MIAMI – Today in Aviation, the Boeing 777 performed its first flight in 1994 under the command of chief test pilot John E. Cashman. This was the start of an 11-month flight test program, which was longer than any prior Boeing model’s testing.
Nine aircraft equipped with General Electric, Pratt & Whitney, and Rolls-Royce engines were flight tested in a variety of environments, including the desert airfield at Edwards Air Force Base in California and the freezing weather at Fairbanks International Airport in Alaska. Eight 180-minute single-engine test flights were completed to meet ETOPS standards.
The Boeing 777, often known as the Triple Seven, is a wide-body airliner developed and produced by Boeing Commercial Airplanes in the United States. It is the largest twinjet in the world. The 777 was created to fill the gap between Boeing’s 767 and 747 aircraft, as well as to replace outdated DC-10 and L-1011 aircraft.
With the first meeting in January 1990, the program was developed in conjunction with eight major airlines and debuted on October 14, 1990, with an order from United Airlines (UA). On April 9, 1994, the prototype was released. On June 7, 1995, the Triple Seven was delivered to its first customer, UA. Longer-range models were introduced on February 29, 2000, of which the first units were delivered on April 29, 2004.
The Boeing 747, McDonnell Douglas DC-10, and Lockheed L-1011 TriStar were the first wide-body passenger aircraft to enter service in the early 1970s. In 1978, Boeing introduced three new models: the Boeing 757 twin-engine jet to replace the 727, the Boeing 767 twin-engine jet to compete with the Airbus A300, and a trijet 777 idea to compete with the DC-10 and L-1011.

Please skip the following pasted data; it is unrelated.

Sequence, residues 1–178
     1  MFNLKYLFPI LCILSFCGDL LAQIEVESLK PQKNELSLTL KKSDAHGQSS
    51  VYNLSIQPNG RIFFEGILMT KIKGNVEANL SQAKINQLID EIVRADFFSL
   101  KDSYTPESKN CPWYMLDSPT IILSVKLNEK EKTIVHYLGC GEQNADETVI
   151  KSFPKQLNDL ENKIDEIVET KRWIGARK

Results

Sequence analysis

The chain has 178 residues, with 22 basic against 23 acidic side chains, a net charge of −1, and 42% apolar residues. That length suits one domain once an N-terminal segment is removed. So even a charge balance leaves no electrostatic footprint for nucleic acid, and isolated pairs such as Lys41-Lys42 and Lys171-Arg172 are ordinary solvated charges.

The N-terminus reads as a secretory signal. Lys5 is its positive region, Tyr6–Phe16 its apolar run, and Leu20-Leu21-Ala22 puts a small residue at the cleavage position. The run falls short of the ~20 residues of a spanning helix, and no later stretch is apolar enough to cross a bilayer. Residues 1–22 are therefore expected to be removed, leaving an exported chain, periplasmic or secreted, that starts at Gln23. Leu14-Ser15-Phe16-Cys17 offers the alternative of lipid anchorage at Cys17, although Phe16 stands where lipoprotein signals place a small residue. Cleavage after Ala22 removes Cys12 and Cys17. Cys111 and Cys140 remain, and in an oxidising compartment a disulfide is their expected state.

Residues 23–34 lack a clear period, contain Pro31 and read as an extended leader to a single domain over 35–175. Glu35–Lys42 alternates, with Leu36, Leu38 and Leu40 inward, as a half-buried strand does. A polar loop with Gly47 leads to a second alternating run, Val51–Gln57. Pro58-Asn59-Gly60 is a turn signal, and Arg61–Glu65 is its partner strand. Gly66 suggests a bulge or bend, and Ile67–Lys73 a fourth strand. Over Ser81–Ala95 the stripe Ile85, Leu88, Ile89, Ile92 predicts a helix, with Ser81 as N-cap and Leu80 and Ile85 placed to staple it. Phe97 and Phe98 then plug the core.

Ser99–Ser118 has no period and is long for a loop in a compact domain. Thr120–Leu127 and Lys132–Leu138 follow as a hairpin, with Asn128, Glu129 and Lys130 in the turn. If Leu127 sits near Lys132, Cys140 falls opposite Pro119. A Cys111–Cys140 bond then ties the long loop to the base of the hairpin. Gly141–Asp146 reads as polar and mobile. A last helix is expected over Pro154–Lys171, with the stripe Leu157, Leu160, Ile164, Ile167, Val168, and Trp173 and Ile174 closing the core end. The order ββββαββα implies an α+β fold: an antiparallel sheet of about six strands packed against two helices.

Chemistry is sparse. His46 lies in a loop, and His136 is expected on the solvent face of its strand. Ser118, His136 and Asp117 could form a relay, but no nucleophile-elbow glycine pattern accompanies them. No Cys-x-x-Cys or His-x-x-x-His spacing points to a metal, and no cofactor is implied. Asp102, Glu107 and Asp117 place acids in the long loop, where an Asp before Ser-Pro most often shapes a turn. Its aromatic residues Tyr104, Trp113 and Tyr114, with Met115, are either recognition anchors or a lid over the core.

Due in part to extended-range twin-engine operational performance standards (ETOPS) regulations governing transoceanic twinjet operations in the 1980s, the mid-size Boeing 757 and 767 launched to market success.
These rules permitted twin-engine planes to fly across the ocean at a distance of up to three hours from emergency diversionary airports. Airlines began using the Boeing 767 on long-distance international routes that did not require the capacity of larger aircraft under ETOPS restrictions.
After marketing studies revealed that the Boeing 757 and 767 types were preferred, the trijet 777 was eventually abandoned. Between the 767-300ER and the 747-400, Boeing had a size and range gap in its product line.
By 1988, Boeing had realized that a new clean-sheet design, the 777 twin-jet, was the only way to go. Given previous design accomplishments, future engine improvements, and cost savings, the business chose the twin-engine arrangement. Boeing began making proposals to airlines for the 777 on December 8, 1989.
Design of the Triple Seven
Alan Mulally was the director of engineering for the Boeing 777 program before being elevated to vice-president and general manager in September 1992. The new twinjet’s design phase was distinct from that of Boeing’s prior commercial jetliners.
For the first time, eight major airlines – All Nippon Airways (NH), American Airlines (AA), British Airways (BA), Cathay Pacific (CX), Delta Air Lines (DL), Japan Airlines (JL), Qantas (QF), and UA – were involved in the development, which was a departure from industry practice, which saw manufacturers design aircraft with little customer input. Within Boeing, the eight airlines that collaborated on the design process were dubbed the “Working Together” group.
By March 1990, Boeing and the airlines had settled on a basic design configuration that included a cabin cross-section similar to that of the 747, a capacity of up to 325 people, flexible interiors, a glass cockpit, fly-by-wire controls, and 10% lower seat-mile costs than the A330 and MD-11. The 777’s final assembly will take place in Boeing’s Everett factory in Washington, which also produces the 747.